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Background: Aspirin-use reduces colorectal cancer (CRC) incidence, but there is limited evidence regarding associations of aspirin and non-aspirin nonsteroidal anti-inflammatory drugs (NSAIDs) with CRC-specific survival.
Methods: This prospective analysis includes women and men from the Cancer Prevention Study-II Nutrition Cohort who were cancer-free at baseline (1992 or 1993) and diagnosed with CRC during incidence follow-up through 2015. Detailed information on aspirin and non-aspirin NSAID-use was self-reported on questionnaires at baseline, in 1997, and every 2 years thereafter. Pre- and post-diagnosis data were available for 2,686 and 1,931 participants without distant-metastases, respectively, among whom 512 and 251 died from CRC during mortality follow-up through 2016. Secondary analyses examined associations between pre-diagnosis aspirin-use and stage at diagnosis (distant-metastatic versus localized or regional). All statistical tests were two-sided.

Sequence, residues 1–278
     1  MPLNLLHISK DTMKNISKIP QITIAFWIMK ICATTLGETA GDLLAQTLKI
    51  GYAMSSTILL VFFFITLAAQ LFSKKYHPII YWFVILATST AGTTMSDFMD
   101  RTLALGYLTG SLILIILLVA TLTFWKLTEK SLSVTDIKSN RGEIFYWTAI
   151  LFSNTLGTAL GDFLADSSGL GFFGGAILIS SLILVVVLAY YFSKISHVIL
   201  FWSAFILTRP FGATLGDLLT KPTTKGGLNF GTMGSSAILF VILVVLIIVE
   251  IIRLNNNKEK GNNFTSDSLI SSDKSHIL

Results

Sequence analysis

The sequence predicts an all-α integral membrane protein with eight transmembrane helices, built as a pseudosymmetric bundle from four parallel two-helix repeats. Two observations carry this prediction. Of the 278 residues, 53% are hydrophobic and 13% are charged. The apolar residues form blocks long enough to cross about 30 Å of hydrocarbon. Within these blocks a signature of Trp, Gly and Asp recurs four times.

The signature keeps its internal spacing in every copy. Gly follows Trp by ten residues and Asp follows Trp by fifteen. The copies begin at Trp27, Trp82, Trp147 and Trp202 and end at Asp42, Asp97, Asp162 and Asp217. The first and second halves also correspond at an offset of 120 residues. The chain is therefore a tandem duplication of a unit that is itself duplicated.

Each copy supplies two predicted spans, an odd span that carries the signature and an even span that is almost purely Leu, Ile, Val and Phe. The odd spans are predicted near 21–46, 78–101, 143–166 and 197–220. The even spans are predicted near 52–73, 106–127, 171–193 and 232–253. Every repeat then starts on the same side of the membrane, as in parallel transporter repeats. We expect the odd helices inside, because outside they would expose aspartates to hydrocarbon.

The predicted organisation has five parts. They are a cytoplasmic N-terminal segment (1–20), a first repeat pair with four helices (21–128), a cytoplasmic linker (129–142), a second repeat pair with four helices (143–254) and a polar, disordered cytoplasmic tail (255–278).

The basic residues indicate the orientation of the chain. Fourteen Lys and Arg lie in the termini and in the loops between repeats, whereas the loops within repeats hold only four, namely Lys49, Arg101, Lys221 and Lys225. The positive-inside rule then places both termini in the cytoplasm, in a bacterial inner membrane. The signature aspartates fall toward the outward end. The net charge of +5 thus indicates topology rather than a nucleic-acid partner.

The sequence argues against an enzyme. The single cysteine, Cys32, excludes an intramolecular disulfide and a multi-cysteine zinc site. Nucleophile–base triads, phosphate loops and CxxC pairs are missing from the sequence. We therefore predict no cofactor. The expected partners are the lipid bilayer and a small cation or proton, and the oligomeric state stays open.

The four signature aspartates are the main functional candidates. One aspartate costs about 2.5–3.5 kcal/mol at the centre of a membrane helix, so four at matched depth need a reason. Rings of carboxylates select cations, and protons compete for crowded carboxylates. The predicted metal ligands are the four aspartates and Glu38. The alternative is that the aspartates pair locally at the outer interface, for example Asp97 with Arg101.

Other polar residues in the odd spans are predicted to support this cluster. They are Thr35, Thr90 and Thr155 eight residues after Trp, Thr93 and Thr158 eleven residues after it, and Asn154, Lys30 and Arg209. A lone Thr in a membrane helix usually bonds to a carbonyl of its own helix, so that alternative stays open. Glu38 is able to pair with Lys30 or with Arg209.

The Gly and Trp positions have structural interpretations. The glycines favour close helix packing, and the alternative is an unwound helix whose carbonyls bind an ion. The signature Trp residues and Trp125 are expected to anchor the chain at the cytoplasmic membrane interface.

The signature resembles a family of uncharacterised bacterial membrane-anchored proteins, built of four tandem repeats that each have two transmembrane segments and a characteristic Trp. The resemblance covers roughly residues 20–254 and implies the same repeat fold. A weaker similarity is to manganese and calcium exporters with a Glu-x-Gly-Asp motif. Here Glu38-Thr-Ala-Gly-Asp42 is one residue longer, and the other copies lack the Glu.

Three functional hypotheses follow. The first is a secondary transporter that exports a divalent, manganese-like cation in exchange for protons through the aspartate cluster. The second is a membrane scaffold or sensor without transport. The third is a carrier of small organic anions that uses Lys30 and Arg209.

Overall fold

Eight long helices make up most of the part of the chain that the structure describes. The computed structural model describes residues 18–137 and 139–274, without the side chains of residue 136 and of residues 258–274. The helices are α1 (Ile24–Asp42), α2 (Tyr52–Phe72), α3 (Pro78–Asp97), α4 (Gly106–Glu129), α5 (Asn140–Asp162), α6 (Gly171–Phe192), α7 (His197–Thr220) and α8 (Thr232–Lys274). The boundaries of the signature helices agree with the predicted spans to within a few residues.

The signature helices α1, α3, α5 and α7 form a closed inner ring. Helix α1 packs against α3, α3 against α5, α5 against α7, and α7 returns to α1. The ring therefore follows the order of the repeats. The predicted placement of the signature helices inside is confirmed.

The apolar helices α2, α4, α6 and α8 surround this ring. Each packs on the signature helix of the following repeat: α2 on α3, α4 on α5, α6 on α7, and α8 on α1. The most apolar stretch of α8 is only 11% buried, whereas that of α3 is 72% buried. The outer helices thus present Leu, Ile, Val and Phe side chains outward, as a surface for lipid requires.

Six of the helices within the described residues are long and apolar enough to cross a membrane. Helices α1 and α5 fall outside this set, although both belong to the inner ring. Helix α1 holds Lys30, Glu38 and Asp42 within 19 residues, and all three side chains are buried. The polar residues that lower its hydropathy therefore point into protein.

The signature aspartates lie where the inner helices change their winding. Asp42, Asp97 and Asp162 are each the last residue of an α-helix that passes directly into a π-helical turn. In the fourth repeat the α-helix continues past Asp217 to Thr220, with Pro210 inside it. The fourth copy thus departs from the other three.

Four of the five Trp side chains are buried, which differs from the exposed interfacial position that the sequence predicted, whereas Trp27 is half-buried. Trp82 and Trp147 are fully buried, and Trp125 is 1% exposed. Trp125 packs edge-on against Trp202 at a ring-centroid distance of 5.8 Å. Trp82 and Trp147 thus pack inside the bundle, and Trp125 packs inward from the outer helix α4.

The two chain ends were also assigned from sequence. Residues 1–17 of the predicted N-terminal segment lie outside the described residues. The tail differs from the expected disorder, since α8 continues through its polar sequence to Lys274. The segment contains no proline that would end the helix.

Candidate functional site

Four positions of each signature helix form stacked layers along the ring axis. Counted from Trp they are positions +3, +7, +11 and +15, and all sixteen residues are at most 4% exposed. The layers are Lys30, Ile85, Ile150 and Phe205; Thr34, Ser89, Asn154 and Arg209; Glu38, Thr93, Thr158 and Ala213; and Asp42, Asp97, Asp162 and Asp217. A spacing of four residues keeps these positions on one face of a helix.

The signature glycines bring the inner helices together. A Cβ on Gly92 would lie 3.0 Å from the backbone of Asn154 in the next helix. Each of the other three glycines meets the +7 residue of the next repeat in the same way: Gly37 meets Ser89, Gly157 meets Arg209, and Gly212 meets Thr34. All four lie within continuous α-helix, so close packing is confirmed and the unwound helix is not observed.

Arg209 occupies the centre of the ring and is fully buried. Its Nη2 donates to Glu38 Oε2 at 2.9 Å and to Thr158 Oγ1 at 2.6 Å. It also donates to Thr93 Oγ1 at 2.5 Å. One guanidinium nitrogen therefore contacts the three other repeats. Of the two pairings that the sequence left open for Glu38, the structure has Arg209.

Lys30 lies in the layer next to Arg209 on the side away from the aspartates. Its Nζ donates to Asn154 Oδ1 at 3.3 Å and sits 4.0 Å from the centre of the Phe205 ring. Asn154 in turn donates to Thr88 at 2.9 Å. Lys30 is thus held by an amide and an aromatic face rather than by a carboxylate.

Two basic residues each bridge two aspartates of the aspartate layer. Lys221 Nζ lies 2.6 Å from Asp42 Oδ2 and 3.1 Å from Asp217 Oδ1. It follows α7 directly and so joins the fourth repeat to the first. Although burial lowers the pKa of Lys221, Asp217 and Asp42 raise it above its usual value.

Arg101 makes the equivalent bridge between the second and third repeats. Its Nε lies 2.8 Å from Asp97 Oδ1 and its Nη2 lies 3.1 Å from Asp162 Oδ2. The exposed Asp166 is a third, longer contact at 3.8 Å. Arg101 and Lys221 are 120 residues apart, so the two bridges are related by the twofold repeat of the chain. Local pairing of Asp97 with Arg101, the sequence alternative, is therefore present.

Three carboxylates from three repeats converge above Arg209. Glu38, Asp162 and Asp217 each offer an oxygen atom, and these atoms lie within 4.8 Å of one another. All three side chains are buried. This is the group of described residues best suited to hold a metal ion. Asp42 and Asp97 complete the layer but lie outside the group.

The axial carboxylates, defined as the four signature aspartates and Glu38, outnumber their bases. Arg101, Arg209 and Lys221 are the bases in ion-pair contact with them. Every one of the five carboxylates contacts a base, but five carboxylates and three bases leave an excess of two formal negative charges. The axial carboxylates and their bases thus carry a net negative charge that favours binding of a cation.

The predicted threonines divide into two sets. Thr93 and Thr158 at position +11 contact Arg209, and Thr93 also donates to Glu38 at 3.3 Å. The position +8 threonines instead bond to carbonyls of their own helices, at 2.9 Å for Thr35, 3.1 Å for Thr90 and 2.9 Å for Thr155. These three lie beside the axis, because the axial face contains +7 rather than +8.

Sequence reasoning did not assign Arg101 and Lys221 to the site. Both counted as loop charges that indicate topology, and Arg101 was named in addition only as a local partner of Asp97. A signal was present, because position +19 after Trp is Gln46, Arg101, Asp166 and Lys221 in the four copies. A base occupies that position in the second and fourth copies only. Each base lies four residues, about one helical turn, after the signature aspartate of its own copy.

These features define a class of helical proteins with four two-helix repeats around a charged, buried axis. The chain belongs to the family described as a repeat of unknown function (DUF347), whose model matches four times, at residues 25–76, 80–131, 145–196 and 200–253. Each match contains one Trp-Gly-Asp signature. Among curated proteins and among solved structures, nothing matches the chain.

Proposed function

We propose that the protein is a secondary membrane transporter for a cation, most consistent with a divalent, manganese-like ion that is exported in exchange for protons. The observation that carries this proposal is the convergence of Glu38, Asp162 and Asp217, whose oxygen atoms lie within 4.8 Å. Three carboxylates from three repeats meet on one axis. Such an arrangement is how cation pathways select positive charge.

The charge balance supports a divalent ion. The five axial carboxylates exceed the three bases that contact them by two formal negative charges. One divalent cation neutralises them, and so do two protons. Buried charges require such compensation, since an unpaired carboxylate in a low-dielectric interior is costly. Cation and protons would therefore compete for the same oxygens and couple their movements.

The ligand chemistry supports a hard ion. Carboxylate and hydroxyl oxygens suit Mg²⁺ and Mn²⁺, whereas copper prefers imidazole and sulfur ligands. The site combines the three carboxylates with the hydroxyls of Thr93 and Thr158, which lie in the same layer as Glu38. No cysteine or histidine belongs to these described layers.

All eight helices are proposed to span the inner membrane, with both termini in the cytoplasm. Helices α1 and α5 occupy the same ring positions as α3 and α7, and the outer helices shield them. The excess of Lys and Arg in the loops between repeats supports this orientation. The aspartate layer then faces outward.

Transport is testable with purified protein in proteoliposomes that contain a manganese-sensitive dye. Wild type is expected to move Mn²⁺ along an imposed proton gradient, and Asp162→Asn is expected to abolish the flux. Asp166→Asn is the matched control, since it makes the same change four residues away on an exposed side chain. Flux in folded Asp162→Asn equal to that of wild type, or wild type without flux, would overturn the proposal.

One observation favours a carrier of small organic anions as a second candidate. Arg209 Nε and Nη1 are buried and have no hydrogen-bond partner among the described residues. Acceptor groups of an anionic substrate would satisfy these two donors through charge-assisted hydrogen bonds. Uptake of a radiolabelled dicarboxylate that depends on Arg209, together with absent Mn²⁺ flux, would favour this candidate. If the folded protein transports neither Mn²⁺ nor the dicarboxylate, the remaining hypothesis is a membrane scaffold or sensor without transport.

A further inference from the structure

Results: Long-term regular use of aspirin (>15 times per month) before diagnosis was associated with lower CRC-specific mortality (multivariable-adjusted hazard ratio (HR)= 0.69; 95% CI = 0.52–0.92). Post-diagnosis regular aspirin use was not statistically significantly associated with risk of CRC-specific mortality overall (HR = 0.82; 95% CI = 0.62–1.09), although participants who began regular aspirin use only after their diagnosis were at lower risk than participants who did not use aspirin at both the pre-and post-diagnosis periods (HR = 0.60; 95% CI = 0.36–0.98). Long-term aspirin use before diagnosis was also associated with lower odds of diagnosis with distant metastases (multivariable-adjusted odds ratio = 0.73; 95% CI = 0.53–0.99).
Conclusions: Our results suggest that long-term aspirin use before a diagnosis of non-metastatic colorectal cancer may be associated with lower CRC-specific mortality after diagnosis, consistent with possible inhibition of micro-metastases before diagnosis.
Jane C Figueiredo
Peter T Campbell
Jane C Figueiredo,Eric J Jacobs,Christina C Newton,Mark A Guinter,William G Cance,Peter T Campbell